That is voice and words of my great friend Kwezi as he rushed forward with open arms embracing me after my long absence. This point marks the culmination of a 300 km drive, an 18-hour flight, and 5 months spent diligently working in East Lansing, Michigan preparing for my field work. Despite my long journey, I am back in the exact spot where I initiated my career in wildlife conservation all those many years ago: Murchison Falls National Park (MFNP).
In addition to being my good friend, Kwezi is a senior UWA range guide. He is a seasoned veteran in these parts eminently knowledgeable on all things MFNP. Kwezi heard a rumor that I would be returning to MFNP today. He was tipped off by lab mate and co-wildlife conservation conspirator Arthur Muneza. Arthur has been in MFNP working with Giraffe Conservation Foundation and UWA on Operation Twiga as detailed in our Notes from the Field. When Kwezi got wind of my return he did not sit idle. Instead, he found all sorts of our friends and organized them at the ferry crossing to meet me as I came into the park. To say that I was overcome by this welcome would be an understatement.
But why am I here, you may ask? I am here to quantify the effect of various disturbances on the ecology of lions. Murchison Falls is the largest national park in Uganda and the only protected area in Africa with active oil mining ongoing. Before the onset of the oil works inside MFNP, I was embedded in this beautiful park studying lions to understand key threats to their survival. The results of my study lead to the establishment of a snare removal program, called the ‘Snares to Wares’ initiative. Illegal snares are widely used by poachers, many of them are children recruited into this industry because they lack other opportunities, in MFNP to capture mammals for bush meat. In this way, small metal wire rings are placed along game trails and concealed where they indiscriminately capture and maim any unsuspecting animal that walks past, including lions. That is how Butcherman, the former alpha male lion of the Delta pride, impressively managed to guard over his territory for more than 3 years with just three legs. Imagine a lion being capable of defeating rival males when missing the better part of one of his hind legs?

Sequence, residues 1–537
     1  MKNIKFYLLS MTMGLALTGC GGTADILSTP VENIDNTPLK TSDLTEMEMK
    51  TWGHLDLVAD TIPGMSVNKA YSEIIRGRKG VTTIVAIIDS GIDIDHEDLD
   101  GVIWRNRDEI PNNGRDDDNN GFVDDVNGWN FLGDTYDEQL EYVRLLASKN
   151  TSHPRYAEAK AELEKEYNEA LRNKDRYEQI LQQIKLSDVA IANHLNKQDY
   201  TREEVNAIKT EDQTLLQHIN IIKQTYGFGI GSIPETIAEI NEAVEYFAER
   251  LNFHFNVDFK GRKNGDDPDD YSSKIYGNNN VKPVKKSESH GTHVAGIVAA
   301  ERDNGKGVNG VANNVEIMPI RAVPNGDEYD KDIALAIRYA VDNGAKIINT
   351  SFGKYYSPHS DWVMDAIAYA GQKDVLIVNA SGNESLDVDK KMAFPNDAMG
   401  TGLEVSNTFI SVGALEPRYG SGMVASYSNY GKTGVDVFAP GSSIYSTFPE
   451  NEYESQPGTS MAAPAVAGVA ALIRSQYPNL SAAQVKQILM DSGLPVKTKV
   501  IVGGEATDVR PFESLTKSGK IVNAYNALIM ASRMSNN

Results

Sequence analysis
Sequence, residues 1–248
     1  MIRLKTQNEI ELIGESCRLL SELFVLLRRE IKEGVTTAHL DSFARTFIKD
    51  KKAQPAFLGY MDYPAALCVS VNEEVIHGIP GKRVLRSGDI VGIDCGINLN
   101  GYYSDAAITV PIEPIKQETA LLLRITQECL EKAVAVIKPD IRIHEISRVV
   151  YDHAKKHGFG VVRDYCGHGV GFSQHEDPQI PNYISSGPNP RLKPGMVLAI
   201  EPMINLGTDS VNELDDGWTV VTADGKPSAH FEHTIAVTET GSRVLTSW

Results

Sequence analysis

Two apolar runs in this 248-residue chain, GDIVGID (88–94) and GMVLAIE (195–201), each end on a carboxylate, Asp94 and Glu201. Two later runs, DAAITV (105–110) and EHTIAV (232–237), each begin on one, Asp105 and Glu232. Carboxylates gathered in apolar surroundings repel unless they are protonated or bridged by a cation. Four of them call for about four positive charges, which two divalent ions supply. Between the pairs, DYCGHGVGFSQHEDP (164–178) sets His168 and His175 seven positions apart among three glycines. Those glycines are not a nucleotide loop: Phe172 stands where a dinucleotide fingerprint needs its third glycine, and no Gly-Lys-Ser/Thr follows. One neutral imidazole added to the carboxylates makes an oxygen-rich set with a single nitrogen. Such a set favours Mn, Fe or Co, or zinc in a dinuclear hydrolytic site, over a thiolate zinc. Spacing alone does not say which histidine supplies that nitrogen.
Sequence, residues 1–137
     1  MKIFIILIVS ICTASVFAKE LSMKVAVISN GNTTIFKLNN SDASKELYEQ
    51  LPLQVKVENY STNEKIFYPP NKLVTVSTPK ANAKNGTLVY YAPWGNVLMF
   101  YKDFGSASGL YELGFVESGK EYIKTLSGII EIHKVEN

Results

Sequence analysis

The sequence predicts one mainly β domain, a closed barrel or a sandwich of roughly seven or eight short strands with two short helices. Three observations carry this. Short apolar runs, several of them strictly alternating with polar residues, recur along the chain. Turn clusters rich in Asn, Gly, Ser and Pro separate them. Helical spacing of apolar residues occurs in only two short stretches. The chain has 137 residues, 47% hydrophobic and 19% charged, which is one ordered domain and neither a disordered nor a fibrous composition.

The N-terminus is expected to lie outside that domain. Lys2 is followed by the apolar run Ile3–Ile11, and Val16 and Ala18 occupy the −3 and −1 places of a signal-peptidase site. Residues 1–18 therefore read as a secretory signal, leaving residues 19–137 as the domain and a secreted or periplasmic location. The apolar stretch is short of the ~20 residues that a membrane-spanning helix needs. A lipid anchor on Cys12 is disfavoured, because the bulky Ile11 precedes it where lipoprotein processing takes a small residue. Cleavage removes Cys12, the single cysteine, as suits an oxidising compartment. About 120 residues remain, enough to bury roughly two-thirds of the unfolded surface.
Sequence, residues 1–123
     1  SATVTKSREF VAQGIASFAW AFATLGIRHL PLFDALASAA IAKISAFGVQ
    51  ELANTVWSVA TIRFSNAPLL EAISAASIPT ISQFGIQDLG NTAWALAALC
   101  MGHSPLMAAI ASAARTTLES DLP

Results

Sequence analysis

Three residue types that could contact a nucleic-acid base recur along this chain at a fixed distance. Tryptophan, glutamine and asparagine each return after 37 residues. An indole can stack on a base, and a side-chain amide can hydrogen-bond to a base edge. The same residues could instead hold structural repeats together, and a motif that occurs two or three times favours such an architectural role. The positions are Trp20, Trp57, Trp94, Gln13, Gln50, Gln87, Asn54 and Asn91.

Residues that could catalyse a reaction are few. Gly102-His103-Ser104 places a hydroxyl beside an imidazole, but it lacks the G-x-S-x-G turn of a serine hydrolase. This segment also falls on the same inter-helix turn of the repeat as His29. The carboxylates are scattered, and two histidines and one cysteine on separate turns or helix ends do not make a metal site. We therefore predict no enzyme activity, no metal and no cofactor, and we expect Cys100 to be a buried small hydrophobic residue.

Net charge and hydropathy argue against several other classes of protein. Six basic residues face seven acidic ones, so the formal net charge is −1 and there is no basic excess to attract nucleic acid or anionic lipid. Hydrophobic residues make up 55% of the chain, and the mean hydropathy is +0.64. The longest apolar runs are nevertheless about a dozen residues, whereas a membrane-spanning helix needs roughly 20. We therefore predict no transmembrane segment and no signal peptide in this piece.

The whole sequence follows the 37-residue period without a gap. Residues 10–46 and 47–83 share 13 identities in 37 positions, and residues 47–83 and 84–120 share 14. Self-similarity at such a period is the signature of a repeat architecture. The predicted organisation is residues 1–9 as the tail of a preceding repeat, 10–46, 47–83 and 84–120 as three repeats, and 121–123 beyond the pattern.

One of the other responsibilities that I feel is the need to share with the broader MSU community the pressing and important research that we are conducting in RECaP. You should know that Spartan Nation is strong in Uganda. “Go Green, Go White” works just as well in Breslin Arena as it does in this region as the Uganda Wildlife Authority uniforms share our school colors. Over these next two weeks and beyond, I will give you a window into what it is like to conduct research in East Africa searching for the large carnivores that stalk this landscape in the twilight. I will document how in RECaP we are using technological innovations to study carnivores and their prey with ever-more impressive detail. And I will provide you with photos of MFNP with its flowing savannah hills, thicketed combretum bushes, and lush impenetrable forests.
The joy of being back home in MFNP is overwhelming for me! And the first thing that I need to do, as Kwezi told me earlier today, is pay respect to my friend George Atubo. We know where George is: he is at his village home enjoying retirement. The next job will be a bit harder. We need to track down that missing three-legged lion Butcherman whose popularity is only eclipsed by his rival Cecil. We don’t know where Butcherman is or what has become of him. We can only hope that he too is enjoying his own type of retirement from the strenuous life of an alpha male. Stay tuned as we search for this impressive animal. We are glad to have you aboard!